The remaining three defendants facing federal charges related to horse soring and other offenses pleaded guilty Tuesday to a reduced indictment.
Barney Davis, 39; Christen Altman, 26; and Jeffery Bradford, 33, pleaded guilty in U.S. Magistrate Bill Carter's courtroom on charges of violating the federal Horse Protection Act.
The three are scheduled to be sentenced by U.S. District Judge Harry "Sandy" Mattice on Feb. 13.
U.S. Attorney Steve Neff said in a prepared statement that the gaited horse industry is important to the economy and culture of Tennessee. Too many people had "acted with impunity in this arena for too long by violating the Horse Protection Act and other federal laws," he said.
In March, a federal grand jury indicted four defendants on 34 counts related to horse soring, an illegal practice in which boltlike items are driven into horses' hooves, foreign objects are attached to animal's legs or chemicals are used to produce pain and sensitivity to alter horses' gaits.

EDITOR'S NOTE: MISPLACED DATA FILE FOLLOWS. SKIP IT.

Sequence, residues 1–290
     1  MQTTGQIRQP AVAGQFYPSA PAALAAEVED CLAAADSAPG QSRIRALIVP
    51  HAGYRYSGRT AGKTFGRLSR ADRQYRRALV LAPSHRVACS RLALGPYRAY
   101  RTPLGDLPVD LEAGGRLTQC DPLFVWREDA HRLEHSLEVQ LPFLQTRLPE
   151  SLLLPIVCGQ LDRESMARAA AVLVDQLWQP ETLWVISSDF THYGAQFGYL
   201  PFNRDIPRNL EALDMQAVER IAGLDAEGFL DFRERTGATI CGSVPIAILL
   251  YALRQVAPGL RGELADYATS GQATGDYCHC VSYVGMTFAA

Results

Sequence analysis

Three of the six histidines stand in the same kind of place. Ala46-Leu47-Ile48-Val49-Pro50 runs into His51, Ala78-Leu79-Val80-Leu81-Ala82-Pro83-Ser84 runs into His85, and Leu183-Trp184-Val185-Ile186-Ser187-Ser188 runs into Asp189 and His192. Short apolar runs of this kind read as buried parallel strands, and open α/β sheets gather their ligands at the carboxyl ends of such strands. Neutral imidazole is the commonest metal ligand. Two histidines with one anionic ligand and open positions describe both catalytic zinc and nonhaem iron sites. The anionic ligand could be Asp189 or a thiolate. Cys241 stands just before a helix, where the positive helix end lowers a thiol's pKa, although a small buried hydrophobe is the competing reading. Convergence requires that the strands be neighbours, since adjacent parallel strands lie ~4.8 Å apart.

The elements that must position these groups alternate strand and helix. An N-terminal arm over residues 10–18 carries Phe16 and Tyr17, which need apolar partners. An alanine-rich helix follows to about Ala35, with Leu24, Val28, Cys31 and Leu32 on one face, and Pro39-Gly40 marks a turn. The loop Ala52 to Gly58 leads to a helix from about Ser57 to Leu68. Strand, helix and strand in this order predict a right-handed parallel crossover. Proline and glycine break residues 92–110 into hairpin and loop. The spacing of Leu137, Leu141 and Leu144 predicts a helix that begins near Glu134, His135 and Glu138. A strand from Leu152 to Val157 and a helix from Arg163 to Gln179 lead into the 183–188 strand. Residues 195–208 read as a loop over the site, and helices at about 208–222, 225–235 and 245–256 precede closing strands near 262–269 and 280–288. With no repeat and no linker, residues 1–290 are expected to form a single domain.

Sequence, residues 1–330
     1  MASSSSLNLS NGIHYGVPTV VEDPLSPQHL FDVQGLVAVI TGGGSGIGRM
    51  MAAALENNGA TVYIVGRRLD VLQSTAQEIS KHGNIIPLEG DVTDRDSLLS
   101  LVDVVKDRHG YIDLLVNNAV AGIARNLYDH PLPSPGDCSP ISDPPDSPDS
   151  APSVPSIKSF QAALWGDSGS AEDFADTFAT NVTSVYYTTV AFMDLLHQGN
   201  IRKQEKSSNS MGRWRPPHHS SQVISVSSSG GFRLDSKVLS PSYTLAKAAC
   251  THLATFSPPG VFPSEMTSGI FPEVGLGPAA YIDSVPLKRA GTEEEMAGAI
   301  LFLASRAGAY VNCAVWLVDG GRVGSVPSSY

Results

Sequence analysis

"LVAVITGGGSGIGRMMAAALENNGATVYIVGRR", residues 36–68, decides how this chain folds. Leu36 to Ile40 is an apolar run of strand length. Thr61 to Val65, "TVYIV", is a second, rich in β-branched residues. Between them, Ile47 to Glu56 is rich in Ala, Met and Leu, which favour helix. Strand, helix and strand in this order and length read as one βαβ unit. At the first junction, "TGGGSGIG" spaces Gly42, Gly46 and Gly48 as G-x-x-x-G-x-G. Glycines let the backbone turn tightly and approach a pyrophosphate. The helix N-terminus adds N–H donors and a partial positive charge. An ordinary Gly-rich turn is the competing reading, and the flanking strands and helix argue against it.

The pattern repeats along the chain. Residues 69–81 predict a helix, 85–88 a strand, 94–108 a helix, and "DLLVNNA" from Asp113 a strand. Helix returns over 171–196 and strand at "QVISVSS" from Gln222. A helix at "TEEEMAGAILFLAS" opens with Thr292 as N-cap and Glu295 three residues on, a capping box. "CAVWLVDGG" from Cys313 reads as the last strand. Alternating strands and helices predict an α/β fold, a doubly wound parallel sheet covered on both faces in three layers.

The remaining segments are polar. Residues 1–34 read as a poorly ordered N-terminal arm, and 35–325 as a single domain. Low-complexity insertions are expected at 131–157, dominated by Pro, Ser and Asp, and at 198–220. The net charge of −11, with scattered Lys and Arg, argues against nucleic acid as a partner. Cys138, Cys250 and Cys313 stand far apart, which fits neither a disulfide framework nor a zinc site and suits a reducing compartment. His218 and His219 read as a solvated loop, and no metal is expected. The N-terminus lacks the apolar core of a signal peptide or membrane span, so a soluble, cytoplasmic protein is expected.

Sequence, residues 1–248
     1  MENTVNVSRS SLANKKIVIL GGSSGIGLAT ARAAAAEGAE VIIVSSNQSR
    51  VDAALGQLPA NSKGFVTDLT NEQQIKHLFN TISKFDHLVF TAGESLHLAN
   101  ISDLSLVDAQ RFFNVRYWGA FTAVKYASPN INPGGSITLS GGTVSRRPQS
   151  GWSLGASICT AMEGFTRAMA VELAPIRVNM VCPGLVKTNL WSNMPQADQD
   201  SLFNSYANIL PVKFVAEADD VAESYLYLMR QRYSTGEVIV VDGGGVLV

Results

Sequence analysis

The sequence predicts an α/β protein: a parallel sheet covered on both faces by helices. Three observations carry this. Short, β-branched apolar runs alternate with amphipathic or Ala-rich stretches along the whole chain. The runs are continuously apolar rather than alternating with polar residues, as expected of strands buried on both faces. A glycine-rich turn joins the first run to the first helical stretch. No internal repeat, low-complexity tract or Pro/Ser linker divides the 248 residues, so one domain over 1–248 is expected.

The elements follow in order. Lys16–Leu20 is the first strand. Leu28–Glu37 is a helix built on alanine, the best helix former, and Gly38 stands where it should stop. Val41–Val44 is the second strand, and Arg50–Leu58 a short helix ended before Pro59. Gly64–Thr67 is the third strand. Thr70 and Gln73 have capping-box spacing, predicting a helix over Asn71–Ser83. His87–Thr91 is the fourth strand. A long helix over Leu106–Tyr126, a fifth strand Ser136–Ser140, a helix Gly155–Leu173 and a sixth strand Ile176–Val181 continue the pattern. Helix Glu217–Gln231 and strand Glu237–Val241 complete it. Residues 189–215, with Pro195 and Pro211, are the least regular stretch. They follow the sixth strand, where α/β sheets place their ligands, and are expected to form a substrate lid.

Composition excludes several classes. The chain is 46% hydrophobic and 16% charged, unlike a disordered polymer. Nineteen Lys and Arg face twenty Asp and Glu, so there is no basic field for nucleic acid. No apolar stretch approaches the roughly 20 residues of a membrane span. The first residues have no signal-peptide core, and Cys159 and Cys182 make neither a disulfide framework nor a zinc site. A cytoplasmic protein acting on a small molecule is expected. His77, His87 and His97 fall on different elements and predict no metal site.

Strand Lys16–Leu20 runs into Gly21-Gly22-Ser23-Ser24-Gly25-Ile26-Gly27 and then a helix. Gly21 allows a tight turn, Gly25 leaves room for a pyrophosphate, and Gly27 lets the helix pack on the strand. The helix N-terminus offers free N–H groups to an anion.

The fourth defendant, Paul Blackburn, 35, pleaded guilty on Oct. 18 to one count of conspiracy to violate the act. He is scheduled to be sentenced on Jan. 23.
In a statement, Neff said officials in the U.S. Attorney's Office hope the prosecutions deter others from committing similar crimes. He said humans have a gift of stewardship over the Earth and its creatures.
"Maiming and mutilating horses for sport and profit betrays that charge of stewardship," he said.
The four counts to which Davis pleaded guilty -- conspiracy to violate the act, conspiracy to commit witness tampering and two counts of violating the act -- were part of an amended filing that dismissed the other counts on the original 34-count indictment.
Altman, Bradford and Blackburn pleaded to one misdemeanor conspiracy charge, meaning each likely will face probation or a prison term of less than one year.
Todd South covers courts, poverty, technology, military and veterans for the Times Free Press. He has worked at the paper since 2008 and previously covered crime and safety in Southeast Tennessee and North Georgia. Todd’s hometown is Dodge City, Kan. He served five years in the U.S. Marine Corps and deployed to Iraq before returning to school for his journalism degree from the University of Georgia. Todd previously worked at the Anniston (Ala.) Star. Contact ...